A few weeks ago, I posted on a new painting I completed recently, a 48″ x 72″ black-and-white portrait of a family from the Twin Cities. It was the largest portrait I have ever been commissioned to do, and arguable the most unique. There’s more about the idea and how the portrait came to be, here.
I’ll jump in where I left off on the last post. The portrait took nearly 200 hours to complete, from the time taken to build the sizable canvas stretcher frame to the last dab of paint.
I underestimated the challenge of painting in monochromatic.
Although it is easier to do a painting this way than full-blown color, it presented a few difficulties that I didn’t foresee, at least to the extent that surfaced in this work.
You would think that to do a black and white painting that you would simply just use black and white paint and mix various amounts to arrive at the grey tones in between.
It didn’t work that way for me.
I typically paint with a translucent glazing technique that allows light to reflect through the canvas and back to your eye through the layers of paint, like the Old Masters, giving the final painting a vibrance that is hard to capture with opaque paint alone.
So, when you mix black with the clear acrylic medium, even mixed with some white, and apply it to the canvas, the resulting color is not slate grey, but a brownish grey, because the light shining through the canvas warms up the color.
Then, when certain areas become more opaque than others, the predominance of white mixed in with layers gives the grey shade a cooler, bluish cast.
Maybe I’m just picky, but I don’t want certain areas of the painting to look brown or blue (at least without my say so) when I’m shooting for black and white. If the client commissions a black and white painting, that’s what he expects to get.
I included brown, yellow, and blue on my palette and mixed it back into the colors to correct anything that was off. If the shade was too cool, I warmed it up with brown and yellow. If it was too warm, I cooled it down with blue.
So even in a monochromatic painting, I still end up using color!
But that’s OK, because color is fun to use. 🙂
Now I did make the background just a bit cooler in tone, so that it would visually recede. But it’s nice to be able to do that, when you, the artist chooses to, not just letting the paint do whatever it wants to.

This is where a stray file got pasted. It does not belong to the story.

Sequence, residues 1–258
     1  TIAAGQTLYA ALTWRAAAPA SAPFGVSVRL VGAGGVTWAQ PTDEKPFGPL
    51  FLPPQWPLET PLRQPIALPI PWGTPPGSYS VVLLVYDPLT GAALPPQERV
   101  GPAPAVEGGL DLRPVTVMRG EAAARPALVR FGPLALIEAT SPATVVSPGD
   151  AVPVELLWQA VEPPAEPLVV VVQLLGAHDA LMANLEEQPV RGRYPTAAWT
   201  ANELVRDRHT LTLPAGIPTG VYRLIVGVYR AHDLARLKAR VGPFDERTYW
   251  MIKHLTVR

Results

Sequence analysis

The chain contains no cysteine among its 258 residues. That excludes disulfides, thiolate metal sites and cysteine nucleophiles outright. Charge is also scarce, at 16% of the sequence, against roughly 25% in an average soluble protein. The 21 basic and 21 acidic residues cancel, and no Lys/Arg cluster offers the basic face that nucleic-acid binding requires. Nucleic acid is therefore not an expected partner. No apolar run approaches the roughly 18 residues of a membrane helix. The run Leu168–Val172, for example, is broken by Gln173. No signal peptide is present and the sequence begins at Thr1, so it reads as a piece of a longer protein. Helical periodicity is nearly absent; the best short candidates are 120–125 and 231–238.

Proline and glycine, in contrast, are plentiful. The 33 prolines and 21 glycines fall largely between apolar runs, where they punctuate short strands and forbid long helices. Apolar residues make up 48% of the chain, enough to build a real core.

After finishing up the background, I really honed in on the people in the foreground. Here are some photos of me working taken by a talented photographer, Tom Gardner, at Artisan Forge Studios, where I work. At this stage I am nearly finished with the portrait. Yes, I can see the finish line from here!
I completed the painting, sent a proof to the client, Jim, and he responded, asking me to make a few minor changes on his son’s face. You don’t always get it right the first time. But I have learned this over the years:
As long as you stick with it, and ask God for help on how to make the necessary changes, it will always turn out all right.
In this case, Jim was extremely specific in the corrections he requested and, from an artist’s perspective, that really helps. That way, you’re not just shooting in the dark. You know what you need to do and how to get there.
After the changes, Jim approved the portrait, and I wrapped it up and made the drive to Minnesota to deliver it. Jim only lives 1 1/2 hours away, so I figured delivering it in person was the best way to go.
He and his wife loved it, and I feel like their home is the perfect environment for this painting both aesthetically and conceptually.
It fits right in, and their decor matches perfectly.
Jim just sent me a testimonial on this portrait, which he posted on Thumbtack.com, the website that brought his idea and my execution of it together. Here’s what he wrote: